Nutrition and Health Sciences, Department of


Date of this Version



A DISSERTATION Presented to the Faculty of The Graduate College at the University of Nebraska In Partial Fulfillment of Requirements For the Degree of Doctor of Philosophy, Major: Interdepartmental Area of Nutrition. Under the Supervision of Professor Nancy M. Lewis.
Lincoln, Nebraska: July, 2009
Copyright © 2009 Paula K Ritter-Gooder


The purpose of this study was to validate content of the Nutrition Diagnostic Term NC- 3.2 Involuntary Weight Loss using expert raters. This descriptive survey invited all Board Certified Specialists in Gerontological Nutrition (CSG) to participate by mail. An instrument was developed that included the definition, etiologies, and signs and symptoms of the diagnosis with items added from literature review. CSG rated how common or characteristic each item is to the diagnosis using a 5 point Likert scale. A weighted response for each item was used to calculate a Diagnostic Content Validity (DCV) score. DCV scores of 0.80 and above were classified as major characteristics, 0.50 to 0.799 were minor characteristics, and those scoring below 0.50 were unrepresentative of the diagnosis. A mean total DCV score was calculated using the major and minor characteristics. Dietitians were asked to comment on clarity and completeness of the language. Seventy three percent of CSG (n=110) had participated, 43% percent had an MS degree or higher level of education. Reported years of practice in gerontological nutrition were 15±10 years (mean ± SD). The DCV score was 0.80 for the definition, 0.63 for the etiologies, and 0.69 for signs and symptoms. Total DCV score for the diagnostic term was 0.69. Thirty six percent and 40% of the CSG recommended adding language to etiologies and signs and symptoms respectively. Results indicate the majority of items were valid to the diagnostic term but responses for adding items need further investigation in clinical testing, the next phase of validation.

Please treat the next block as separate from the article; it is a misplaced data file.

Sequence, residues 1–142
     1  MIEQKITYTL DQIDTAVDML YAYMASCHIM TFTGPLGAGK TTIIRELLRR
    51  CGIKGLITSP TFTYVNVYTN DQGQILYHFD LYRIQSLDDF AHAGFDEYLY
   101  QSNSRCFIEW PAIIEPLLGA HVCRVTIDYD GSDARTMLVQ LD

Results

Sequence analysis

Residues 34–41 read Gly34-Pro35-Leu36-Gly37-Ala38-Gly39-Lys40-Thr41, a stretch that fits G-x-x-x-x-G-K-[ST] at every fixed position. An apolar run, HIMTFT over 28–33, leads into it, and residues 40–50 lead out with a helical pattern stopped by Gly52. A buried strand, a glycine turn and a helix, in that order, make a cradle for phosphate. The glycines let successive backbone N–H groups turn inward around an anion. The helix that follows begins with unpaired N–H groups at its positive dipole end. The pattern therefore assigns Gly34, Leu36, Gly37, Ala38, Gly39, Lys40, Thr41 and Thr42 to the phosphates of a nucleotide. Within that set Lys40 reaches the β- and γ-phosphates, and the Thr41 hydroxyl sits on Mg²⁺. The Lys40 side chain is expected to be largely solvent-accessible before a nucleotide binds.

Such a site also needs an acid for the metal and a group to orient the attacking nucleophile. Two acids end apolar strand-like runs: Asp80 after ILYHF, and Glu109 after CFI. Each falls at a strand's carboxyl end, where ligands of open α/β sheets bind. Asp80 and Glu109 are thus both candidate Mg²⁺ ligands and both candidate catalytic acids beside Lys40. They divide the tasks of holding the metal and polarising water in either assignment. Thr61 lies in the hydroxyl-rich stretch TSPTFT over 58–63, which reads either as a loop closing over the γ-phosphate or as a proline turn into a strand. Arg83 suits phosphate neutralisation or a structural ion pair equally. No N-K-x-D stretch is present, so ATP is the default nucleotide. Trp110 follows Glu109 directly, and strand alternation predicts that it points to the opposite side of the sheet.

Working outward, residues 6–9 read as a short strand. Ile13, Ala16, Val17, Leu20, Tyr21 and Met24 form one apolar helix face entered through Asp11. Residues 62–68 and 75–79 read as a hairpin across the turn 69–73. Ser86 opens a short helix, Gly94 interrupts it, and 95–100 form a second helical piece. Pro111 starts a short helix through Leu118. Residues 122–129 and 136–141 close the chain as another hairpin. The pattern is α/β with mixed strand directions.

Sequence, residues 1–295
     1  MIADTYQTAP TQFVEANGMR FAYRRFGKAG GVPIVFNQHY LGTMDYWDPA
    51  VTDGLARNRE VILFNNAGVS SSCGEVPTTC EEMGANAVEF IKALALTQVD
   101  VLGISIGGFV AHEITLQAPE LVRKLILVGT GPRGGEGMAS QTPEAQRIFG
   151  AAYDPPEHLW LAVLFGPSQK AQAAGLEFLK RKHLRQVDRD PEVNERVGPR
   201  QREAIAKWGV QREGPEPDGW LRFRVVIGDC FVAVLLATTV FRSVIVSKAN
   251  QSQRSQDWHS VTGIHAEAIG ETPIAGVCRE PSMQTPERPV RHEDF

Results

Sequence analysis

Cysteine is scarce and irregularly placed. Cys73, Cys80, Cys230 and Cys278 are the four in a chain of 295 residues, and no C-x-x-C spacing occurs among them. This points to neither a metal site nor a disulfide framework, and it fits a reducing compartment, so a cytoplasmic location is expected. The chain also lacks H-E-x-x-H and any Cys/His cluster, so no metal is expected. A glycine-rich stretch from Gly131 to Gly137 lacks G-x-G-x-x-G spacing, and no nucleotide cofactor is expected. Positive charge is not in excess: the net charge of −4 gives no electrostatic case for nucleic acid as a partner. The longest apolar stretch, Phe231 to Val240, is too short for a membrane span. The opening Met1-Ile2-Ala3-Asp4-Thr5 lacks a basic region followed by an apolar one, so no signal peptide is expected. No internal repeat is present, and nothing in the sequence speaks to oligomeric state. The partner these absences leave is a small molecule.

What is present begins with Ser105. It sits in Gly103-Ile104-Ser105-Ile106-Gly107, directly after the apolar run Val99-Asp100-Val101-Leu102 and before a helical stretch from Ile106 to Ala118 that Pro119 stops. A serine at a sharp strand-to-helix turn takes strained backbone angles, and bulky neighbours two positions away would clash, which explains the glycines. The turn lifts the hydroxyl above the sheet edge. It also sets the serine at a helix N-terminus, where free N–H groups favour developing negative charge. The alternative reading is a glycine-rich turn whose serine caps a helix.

Advisor: Nancy M. Lewis